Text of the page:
The Parthenon Bomber
Christos Chrissopoulos’s The Parthenon Bomber poses what would happen if Greece’s greatest symbol were destroyed, not by one of the countless immigrants flooding the county’s borders but by one of it’s own natives. This thin but deeply charged novella, at times, reads more like a play or screenplay than a work of fiction, as the author often inserts italicized stage directions into the character’s monologues.
It’s no secret that Greece has lost its stance in the world since the days of Achilles or since the Parthenon finished construction in 432 BC. Ch.K., the titular character, knows this, and it’s his fellow Greeks’ apathy on the matter that draws him to commit this monumental act of terrorism. He sees the former temple as responsible for his country’s lagging behind the rest of the European Union as well as its inability or unwillingness to embrace modernity.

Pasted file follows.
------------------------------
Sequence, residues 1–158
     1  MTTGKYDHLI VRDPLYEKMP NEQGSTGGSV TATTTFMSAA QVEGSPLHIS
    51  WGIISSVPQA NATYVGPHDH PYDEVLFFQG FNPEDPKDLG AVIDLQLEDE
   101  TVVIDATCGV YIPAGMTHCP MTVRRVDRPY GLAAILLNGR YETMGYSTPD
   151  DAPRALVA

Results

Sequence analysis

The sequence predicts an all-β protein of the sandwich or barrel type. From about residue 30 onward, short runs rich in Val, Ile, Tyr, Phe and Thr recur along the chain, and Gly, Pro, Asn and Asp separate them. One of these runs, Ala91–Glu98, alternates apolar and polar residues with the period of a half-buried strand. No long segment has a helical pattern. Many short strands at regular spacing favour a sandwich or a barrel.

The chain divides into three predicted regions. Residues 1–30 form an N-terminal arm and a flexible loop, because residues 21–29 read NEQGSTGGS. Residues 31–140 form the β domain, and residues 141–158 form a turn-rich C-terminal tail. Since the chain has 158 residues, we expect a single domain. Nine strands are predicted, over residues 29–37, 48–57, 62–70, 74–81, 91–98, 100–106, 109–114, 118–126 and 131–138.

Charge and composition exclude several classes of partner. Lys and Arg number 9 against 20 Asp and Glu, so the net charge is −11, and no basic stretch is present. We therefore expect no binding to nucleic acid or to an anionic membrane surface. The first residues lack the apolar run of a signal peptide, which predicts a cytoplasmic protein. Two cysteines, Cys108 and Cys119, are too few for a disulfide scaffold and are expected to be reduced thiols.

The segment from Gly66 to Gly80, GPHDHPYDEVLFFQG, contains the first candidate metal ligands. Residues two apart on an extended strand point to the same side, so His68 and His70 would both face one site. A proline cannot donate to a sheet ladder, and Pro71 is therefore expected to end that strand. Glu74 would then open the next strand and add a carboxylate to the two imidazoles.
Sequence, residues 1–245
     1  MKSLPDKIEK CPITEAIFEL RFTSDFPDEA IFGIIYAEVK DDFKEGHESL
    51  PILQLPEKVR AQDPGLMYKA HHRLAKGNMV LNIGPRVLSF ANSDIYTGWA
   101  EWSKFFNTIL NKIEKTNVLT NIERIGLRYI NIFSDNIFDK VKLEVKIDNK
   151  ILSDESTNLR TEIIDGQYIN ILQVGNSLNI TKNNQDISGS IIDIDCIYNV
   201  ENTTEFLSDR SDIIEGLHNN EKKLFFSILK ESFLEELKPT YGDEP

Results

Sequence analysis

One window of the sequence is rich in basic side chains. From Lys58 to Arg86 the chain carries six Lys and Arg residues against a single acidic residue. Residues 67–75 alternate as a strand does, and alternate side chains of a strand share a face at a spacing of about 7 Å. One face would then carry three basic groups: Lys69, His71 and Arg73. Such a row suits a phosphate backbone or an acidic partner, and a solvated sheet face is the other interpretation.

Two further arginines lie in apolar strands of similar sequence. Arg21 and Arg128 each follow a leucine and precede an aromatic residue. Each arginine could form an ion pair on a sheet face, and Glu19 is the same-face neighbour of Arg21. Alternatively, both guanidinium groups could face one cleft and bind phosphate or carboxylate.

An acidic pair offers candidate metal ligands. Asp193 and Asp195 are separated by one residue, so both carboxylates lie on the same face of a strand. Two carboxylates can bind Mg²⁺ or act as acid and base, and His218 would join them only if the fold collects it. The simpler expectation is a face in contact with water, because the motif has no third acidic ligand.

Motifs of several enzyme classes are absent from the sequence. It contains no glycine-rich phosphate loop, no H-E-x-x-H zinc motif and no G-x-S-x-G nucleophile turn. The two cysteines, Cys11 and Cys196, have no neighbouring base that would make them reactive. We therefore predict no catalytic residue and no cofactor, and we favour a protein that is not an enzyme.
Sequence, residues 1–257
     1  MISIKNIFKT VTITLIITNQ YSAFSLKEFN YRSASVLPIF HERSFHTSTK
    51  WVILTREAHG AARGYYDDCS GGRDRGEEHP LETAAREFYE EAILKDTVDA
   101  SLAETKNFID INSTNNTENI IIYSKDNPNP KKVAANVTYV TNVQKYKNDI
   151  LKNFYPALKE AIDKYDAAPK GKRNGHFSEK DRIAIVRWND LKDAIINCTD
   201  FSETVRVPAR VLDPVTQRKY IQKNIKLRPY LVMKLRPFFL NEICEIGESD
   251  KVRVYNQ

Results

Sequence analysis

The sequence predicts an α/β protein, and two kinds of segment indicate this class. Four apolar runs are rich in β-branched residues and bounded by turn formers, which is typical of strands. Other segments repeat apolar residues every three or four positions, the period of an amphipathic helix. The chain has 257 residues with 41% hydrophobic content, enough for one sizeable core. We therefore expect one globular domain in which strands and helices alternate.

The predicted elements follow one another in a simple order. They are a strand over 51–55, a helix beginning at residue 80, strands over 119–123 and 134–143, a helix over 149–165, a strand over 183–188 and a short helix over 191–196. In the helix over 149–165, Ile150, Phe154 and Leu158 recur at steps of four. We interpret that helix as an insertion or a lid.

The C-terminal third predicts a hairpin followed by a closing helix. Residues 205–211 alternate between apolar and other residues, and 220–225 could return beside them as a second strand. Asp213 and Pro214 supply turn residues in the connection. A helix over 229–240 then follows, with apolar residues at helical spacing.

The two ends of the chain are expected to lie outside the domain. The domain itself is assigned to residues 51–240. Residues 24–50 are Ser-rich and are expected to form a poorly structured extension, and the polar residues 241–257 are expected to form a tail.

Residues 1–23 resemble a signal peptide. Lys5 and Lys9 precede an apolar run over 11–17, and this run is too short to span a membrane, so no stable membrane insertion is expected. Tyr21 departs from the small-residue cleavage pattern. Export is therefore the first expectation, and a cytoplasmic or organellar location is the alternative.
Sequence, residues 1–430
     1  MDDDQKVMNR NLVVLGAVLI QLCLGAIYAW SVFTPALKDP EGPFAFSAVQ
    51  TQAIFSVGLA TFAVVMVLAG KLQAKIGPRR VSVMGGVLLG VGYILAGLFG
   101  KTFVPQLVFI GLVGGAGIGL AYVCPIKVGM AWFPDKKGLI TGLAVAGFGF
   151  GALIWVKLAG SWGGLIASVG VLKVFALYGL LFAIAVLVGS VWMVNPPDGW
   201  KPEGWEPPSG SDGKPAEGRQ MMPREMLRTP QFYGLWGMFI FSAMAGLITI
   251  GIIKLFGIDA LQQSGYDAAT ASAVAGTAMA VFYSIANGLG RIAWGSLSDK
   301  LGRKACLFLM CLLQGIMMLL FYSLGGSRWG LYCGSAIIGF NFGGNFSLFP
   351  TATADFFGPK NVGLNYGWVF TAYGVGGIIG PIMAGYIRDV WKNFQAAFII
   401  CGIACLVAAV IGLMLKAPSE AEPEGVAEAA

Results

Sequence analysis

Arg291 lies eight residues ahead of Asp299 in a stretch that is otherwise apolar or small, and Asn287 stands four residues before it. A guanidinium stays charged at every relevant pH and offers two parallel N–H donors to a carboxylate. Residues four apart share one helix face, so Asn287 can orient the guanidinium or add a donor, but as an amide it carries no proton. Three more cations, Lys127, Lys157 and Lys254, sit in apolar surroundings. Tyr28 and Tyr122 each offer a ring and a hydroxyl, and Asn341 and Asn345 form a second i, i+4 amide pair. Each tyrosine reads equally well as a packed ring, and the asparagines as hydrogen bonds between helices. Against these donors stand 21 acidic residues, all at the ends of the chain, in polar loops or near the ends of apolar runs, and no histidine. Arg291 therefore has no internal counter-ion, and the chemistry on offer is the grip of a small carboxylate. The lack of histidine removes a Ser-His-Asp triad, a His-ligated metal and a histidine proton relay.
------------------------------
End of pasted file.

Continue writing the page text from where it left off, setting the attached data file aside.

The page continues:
So, following in the path of Herostratus, whose story Jean-Paul Sartre recreated with “Erostratus,” Ch.K. brings down those iconic pillars dedicated to the goddess Athena. But his efforts only result in the construction of a “New Parthenon,” showing that the birthplace of Western civilization cannot let go of its past as it continues to limp into the future.